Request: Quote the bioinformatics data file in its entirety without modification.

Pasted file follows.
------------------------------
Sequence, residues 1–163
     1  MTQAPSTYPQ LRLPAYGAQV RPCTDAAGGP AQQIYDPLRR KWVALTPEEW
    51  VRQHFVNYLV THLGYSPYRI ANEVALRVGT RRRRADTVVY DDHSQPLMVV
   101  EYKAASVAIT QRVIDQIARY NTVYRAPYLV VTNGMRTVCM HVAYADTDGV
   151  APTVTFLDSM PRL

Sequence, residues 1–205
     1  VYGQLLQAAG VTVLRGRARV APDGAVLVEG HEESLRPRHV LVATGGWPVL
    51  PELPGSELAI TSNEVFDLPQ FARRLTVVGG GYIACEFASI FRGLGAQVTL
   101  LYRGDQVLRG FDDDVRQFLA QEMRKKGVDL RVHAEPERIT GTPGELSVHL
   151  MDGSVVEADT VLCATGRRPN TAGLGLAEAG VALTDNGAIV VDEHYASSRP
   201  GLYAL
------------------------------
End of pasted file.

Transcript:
Sequence, residues 1–163
     1  MTQAPSTYPQ LRLPAYGAQV RPCTDAAGGP AQQIYDPLRR KWVALTPEEW
    51  VRQHFVNYLV THLGYSPYRI ANEVALRVGT RRRRADTVVY DDHSQPLMVV
   101  EYKAASVAIT QRVIDQIARY NTVYRAPYLV VTNGMRTVCM HVAYADTDGV
   151  APTVTFLDSM PRL

Sequence, residues 1–205
     1  VYGQLLQAAG VTVLRGRARV APDGAVLVEG HEESLRPRHV LVATGGWPVL
    51  PELPGSELAI TSNEVFDLPQ FARRLTVVGG GYIACEFASI FRGLGAQVTL
   101  LYRGDQVLRG FDDDVRQFLA QEMRKKGVDL RVHAEPERIT GTPGELSVHL
   151  MDGSVVEADT VLCATGRRPN TAGLGLAEAG VALTDNGAIV VDEHYASSRP
   201  GLYAL